- The Washington Times - Wednesday, November 19, 2008

OP-ED:

The father of the Republican Party Abraham Lincoln once said, “Every nation has a central idea from which all its minor thoughts radiate.” America’s central idea is freedom, and this liberty is the anchor upon which all government policies should be tethered.

Today, many of our freedoms are being tested, whether it be in terms of national or economic security or even personal freedom. I am running for Chair of the House Republican Policy Committee to help re-secure and strengthen the fundamental connection between liberty and life in America.

Our Republican ship needs righting and the House Republican Policy Committee can help chart a new course. As Republicans emerge from the 2008 election, we need to reflect upon the central idea of freedom that drives America and allow it to influence our actions on a whole host of issues. Take the issue of health care. There are two prevailing prescriptions: more government or more freedom and flexibility in health care.

The idea of government-run health care sounds appealing to many Americans. Really what that means is limiting freedom - the freedom to choose a doctor, to take your health care with you when you switch jobs, to make personal medical decisions. Additionally, it presents a host of problems for the health care sector of our already lagging economy.

These facts aside, a massive campaign is under way to nationalize health care, and many believe the 2008 election provides them the mandate to do just that. One group’s ad states, “You Voted for Obama. You Voted for Health Care.” As a Republican and a physician, it is critical for us to offer a clear and credible alternative to a one-size-fits-all system that puts bureaucrats in charge of health care decision-making. Our approach should squeeze the greed out of the health care system, put the money back in the hands of patients, protect choices and options, and make the system more transparent and understandable. The Obama-Democrat-Big Labor plan just pumps more taxpayer money into the same old system without reforming it first.

This is just one example of a specific idea and why Republicans will rise or fall by offering the best solutions. The economy is another place we need to offer real solutions, not just last-minute lifelines. We can start by remembering that freedom in the marketplace, a.k.a. capitalism, is the surest path to prosperity.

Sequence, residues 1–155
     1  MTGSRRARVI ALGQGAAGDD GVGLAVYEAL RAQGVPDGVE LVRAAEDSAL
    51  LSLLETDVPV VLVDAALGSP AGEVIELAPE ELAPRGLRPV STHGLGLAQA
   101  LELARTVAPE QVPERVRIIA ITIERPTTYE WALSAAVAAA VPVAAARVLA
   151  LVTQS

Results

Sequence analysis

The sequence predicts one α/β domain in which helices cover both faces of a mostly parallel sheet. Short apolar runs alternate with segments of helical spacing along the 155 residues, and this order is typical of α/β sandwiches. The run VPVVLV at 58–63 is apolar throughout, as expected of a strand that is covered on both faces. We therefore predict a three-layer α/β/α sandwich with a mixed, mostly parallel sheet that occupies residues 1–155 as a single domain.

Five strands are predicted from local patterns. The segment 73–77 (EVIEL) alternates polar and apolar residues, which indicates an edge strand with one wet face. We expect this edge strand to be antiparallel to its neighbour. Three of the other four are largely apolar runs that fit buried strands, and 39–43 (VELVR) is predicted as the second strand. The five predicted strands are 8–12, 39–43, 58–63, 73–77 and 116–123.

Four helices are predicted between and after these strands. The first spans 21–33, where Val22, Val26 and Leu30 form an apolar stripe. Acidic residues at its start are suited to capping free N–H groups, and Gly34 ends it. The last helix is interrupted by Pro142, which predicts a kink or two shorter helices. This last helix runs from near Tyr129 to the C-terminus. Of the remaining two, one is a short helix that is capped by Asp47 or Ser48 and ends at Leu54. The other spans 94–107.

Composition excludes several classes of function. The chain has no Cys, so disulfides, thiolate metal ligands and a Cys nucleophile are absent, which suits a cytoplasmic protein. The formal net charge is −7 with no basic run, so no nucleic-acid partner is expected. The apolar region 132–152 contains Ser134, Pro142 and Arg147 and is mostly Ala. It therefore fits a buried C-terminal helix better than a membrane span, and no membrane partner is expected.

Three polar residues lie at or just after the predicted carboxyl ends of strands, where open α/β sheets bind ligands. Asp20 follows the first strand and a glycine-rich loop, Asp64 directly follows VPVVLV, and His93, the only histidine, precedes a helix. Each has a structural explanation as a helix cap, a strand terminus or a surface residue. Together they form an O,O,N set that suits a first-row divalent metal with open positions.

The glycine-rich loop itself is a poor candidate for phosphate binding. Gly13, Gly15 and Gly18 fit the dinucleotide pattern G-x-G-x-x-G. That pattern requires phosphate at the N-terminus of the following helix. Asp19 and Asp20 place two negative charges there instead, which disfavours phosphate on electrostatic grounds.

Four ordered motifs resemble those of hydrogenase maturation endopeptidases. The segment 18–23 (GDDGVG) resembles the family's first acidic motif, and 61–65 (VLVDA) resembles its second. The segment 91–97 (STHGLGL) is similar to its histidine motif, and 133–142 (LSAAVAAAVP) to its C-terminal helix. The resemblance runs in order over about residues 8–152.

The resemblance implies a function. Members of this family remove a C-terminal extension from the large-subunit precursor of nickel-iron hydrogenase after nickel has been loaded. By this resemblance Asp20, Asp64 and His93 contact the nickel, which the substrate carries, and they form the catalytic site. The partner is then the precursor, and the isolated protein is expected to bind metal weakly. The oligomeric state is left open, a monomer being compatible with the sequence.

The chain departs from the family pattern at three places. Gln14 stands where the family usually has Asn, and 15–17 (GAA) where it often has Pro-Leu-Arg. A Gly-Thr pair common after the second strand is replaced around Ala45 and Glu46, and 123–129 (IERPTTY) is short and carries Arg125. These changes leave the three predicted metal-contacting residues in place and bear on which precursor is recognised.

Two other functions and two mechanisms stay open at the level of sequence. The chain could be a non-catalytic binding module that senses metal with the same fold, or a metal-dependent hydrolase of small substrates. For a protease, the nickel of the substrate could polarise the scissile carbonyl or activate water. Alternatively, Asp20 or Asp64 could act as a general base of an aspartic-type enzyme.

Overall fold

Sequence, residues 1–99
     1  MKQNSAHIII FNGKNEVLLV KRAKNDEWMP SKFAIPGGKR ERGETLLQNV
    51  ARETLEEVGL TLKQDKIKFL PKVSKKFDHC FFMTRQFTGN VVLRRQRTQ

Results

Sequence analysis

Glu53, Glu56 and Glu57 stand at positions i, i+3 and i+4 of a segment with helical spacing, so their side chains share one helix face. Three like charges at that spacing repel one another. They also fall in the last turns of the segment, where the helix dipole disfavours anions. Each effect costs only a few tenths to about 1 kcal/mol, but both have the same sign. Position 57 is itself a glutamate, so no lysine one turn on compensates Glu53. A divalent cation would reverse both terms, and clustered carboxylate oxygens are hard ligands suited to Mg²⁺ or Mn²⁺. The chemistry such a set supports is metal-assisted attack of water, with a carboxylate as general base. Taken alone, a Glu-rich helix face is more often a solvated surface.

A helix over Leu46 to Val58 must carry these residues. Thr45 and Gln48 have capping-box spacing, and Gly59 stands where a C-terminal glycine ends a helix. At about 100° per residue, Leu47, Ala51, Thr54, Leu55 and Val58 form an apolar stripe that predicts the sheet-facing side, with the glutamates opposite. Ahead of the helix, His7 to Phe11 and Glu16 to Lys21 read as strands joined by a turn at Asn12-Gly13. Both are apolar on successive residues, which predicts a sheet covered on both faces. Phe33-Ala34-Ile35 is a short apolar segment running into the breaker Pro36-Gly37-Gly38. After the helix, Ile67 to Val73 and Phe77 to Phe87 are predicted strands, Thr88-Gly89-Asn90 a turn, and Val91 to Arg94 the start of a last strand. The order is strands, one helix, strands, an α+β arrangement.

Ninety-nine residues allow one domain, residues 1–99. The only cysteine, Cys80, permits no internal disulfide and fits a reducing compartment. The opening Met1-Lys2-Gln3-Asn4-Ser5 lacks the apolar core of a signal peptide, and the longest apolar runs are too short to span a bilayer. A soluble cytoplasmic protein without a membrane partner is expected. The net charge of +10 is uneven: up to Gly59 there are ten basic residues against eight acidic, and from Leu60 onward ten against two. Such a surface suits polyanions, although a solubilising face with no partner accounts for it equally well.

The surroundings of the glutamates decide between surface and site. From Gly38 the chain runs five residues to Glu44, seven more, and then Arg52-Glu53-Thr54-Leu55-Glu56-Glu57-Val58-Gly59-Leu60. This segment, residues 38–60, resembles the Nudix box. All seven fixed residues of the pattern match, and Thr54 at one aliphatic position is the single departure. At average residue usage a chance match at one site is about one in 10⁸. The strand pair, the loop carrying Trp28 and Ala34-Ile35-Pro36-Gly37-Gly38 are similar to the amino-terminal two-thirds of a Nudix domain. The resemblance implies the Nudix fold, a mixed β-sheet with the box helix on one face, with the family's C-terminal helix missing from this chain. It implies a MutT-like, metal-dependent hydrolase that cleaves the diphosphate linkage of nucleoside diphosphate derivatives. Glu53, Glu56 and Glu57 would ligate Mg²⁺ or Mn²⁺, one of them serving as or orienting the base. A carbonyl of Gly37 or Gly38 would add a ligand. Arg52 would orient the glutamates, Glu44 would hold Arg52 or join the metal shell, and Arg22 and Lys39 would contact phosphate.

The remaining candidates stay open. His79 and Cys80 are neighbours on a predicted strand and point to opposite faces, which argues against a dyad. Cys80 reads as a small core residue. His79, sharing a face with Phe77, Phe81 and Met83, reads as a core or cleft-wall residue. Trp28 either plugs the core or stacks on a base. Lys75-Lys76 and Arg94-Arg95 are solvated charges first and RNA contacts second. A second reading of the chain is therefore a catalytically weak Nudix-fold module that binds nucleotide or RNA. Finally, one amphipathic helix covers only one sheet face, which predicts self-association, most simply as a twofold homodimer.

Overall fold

Government intervention is at the root of the financial problems we face. How is it possible that more intervention will solve it? The government is now a guarantor against business failure, hastened by Democrat leaders in the U.S. Congress and Republicans at odds with core principles. And now we’re on the precipice of bailing out U.S. automakers whose bad management and bad decisions have led them to collapse.

Republicans need to offer the common-sense, freedom-based alternative. Controlling government spending, managing the federal budget, fundamental tax reform, and a comprehensive strategy to rein in entitlement spending would be a great stimulus package.

Ideas are important, but it is imperative to have the right ideas. We can’t just expect the American people to see the wisdom of our ideas. We have to engage on issues like health care and the economy in public forums, in board rooms, on college campuses, and even in churches. We also must match the other side in their intensive pursuit of media on this issue. If I am chosen to lead the House Republican Policy Committee, my colleagues and the country can hold me to meeting these expectations.

On February 12th our nation will celebrate the 200th birthday of the founder of the modern Republican Party and one of our nation’s greatest presidents. As we pay our respects to the man who led us toward a more perfect union, we must again remember his words: “The dogmas of the quiet past are inadequate to the stormy present. The occasion is piled high with difficulty, and we must rise with the occasion. As our case is now, so we must think anew, and act anew.” Our country today finds itself in a “stormy present,” but history has put us in this place in this time and the charge is ours to keep. We must act anew and rebuild our foundation of freedom that is under assault by big-government advocates. We must engage Americans. We must offer ideas that are principled and pragmatic. And we need to roll up our sleeves and get to work on it immediately. I am ready to do just that if House Republicans choose me to lead the Republican Policy Committee today.

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